It is well known that when volcanos erupt and spew ash into the environment, those increased particles can block sunlight from reaching the earth and cause temperatures to drop. But now researchers have found that the opposite is true as well. When temperatures rise and glaciers melt quickly, changes in the stress on tectonic plates create more opportunities for magma to push its way out, increasing volcanic eruptions.

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Working with Harvard University, researchers from the GEOMAR Helmholtz Center for Ocean Research Kiel in Germany reconstructed the history of volcanic eruptions in Central America for the past 460,000 years, according to GEOMAR volcanologist Dr Steffen Kutterolf, who works with the Fluids and Volatiles in Subduction Zones (SFB 574) research center. This study revealed periods of high and low volcanic activity that showed uncanny parallels with climate history. “The periods of high volcanic activity followed fast, global temperature increases and associated rapid ice melting,” reports.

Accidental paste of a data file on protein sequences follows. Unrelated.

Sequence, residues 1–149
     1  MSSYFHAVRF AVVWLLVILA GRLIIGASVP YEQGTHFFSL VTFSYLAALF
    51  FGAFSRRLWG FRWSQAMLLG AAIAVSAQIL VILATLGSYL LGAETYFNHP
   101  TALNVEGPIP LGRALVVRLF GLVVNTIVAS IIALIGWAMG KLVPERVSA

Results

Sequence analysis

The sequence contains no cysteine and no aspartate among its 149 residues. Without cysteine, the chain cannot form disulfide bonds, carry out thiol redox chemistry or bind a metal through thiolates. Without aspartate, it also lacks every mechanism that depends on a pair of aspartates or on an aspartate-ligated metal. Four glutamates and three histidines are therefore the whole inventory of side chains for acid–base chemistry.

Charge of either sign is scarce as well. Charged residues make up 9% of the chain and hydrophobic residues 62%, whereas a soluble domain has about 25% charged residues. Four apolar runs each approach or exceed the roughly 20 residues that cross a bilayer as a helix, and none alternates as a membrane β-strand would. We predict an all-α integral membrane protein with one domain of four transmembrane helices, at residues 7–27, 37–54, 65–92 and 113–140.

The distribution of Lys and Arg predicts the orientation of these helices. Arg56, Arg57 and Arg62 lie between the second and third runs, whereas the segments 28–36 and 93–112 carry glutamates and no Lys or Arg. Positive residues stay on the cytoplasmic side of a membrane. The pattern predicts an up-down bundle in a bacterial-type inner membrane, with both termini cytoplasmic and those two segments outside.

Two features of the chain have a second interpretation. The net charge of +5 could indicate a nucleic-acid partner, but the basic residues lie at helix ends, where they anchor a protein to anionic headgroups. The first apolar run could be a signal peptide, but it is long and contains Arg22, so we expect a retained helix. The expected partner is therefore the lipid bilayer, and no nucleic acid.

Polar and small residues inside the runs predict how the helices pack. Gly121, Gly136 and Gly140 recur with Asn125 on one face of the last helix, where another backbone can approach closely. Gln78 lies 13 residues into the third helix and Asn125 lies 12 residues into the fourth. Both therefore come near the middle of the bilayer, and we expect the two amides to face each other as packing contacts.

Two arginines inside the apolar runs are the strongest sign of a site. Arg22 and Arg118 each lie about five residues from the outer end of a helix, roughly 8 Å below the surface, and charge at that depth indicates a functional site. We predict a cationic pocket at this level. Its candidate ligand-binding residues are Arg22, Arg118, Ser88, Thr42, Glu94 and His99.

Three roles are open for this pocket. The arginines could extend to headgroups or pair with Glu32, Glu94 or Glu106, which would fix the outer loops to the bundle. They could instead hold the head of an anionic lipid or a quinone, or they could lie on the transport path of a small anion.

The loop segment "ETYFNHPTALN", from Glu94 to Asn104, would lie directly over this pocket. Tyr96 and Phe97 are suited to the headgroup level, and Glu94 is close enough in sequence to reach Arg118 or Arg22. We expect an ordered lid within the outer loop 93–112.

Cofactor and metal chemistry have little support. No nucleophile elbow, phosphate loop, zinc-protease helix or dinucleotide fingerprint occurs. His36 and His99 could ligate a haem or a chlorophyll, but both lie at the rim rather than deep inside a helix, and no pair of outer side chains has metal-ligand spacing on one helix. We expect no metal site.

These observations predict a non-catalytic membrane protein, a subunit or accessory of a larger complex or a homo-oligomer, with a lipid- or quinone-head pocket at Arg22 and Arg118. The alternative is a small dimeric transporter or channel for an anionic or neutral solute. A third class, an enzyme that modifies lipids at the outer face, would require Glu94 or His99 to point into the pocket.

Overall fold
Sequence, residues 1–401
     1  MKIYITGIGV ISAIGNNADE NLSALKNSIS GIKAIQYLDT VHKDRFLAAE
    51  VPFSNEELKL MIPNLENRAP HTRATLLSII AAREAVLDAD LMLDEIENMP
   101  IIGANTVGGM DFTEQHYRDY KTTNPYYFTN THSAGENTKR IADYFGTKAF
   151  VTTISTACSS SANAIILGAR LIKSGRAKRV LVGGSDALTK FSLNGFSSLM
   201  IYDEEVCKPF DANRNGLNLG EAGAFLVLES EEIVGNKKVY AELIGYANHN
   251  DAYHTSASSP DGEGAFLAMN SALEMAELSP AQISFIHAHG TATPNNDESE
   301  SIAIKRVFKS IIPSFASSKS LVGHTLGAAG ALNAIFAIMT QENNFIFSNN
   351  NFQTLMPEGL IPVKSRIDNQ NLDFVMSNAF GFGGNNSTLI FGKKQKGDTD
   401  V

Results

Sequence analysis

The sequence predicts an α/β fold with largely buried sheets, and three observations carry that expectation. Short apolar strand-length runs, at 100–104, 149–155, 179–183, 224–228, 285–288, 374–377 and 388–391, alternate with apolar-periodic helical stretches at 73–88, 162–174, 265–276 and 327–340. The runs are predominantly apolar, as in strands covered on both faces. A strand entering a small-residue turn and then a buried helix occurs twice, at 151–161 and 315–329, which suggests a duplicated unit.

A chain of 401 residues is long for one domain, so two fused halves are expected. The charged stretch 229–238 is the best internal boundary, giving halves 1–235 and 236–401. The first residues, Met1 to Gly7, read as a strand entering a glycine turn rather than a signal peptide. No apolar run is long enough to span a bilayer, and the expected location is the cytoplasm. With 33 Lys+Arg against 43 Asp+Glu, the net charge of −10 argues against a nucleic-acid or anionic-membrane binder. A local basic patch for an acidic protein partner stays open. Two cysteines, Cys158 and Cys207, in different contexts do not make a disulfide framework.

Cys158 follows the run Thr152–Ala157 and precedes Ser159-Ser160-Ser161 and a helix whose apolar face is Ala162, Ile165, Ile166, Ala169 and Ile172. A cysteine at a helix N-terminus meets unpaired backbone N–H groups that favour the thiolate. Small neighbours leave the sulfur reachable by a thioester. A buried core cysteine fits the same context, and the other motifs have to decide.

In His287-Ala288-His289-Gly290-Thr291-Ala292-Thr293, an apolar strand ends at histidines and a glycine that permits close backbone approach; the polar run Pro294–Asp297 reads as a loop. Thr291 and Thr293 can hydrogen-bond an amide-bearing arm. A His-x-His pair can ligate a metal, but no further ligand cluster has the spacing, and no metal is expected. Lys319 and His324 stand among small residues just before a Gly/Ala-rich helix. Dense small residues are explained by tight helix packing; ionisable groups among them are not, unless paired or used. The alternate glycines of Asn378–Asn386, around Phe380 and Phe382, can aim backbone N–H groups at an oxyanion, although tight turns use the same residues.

The researchers then studied the Pacific Ocean’s volcanic history and found similar results. “In times of global warming, the glaciers are melting on the continents relatively quickly. At the same time the sea level rises. The weight on the continents decreases, while the weight on the oceanic tectonic plates increases. Thus, the stress changes within in the earth to open more routes for ascending magma” says Dr Marion Jegen from GEOMAR.

However, scientists were quick to note that they can’t draw correlations between man-made global warming and volcanic activity, though they plan to study short-term variations in order to deepen their understanding of the relationship between rising temperatures, seas and volcano eruptions. These findings were originally published in the journal Geology.


Image of volcanic eruption near a city, melting glacier, Shutterstock